The third stage of Millon is that of Replication and the polarities are that of Self and Other: this is particularly a motivational dimension…whether one is motivated by selfishness and focus on oneself or by concern for others and selflessness too. There is polarity and tension between self-actualization tendencies and wants and other-nurturing motivational disposition. If focus is on self one would tend to dominate others, if focus is on others one would be willing to become vulnerable and submissive.
The fourth stage of Millon, that he does not relate to personality, but which I find integral to my theory is that of Abstraction and the polarity of information gathering versus information selection/transformation. I call the polarity Broad Versus Narrow and it is reflected in whether one is creative or is rigid and inflexible in thinking, , but the important point to note is that a cognitive dimension has been added to personality at the fourth stage.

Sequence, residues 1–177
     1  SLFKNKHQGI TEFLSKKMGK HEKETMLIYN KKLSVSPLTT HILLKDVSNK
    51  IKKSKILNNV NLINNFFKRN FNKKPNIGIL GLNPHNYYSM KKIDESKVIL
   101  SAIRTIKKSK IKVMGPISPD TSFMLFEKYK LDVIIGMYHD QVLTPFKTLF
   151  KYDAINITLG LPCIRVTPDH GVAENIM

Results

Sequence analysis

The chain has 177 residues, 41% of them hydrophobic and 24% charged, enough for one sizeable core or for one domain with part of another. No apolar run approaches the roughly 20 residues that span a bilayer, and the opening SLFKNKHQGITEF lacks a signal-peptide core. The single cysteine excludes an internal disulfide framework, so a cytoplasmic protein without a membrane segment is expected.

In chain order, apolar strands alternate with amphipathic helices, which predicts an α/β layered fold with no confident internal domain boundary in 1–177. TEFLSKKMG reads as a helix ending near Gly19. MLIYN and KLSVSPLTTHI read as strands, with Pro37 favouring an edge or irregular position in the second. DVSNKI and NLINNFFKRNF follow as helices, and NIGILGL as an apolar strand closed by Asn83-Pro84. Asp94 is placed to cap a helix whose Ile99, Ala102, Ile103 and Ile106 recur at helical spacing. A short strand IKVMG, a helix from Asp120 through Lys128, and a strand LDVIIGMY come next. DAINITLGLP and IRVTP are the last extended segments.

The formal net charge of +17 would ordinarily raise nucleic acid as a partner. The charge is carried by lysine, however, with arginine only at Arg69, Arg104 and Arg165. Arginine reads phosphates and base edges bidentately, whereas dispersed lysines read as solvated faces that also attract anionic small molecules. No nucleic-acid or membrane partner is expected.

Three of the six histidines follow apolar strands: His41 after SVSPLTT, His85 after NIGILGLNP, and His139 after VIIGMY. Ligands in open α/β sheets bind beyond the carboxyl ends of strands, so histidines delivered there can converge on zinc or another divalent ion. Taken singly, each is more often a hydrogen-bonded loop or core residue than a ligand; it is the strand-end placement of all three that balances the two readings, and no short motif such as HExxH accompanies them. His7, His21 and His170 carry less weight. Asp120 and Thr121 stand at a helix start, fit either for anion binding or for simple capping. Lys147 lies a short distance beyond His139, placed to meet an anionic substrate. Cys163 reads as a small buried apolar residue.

Which brings us back to the (missing) cognitive dimension of emotions. I would have gladly taken the credit of discovering/proposing such a cognitive dimension, but it seems I was beaten to the game by Fontaine et al who made the bold statement :“The World of Emotions Is Not Two-Dimensional”.
As per Fonatine/ scherer et al’s analysis, using 144 features (like (a) appraisals of events, (b) psychophysiological changes, (c) motor expressions, (d) action tendencies, (e) subjective experiences, and (f) emotion regulation.) characterizing the 24 prototypical emotion terms, they found that emotions must be specified by at least four dimensions:these dimensions were evaluation-pleasantness, potency-control, activation-arousal, and unpredictability.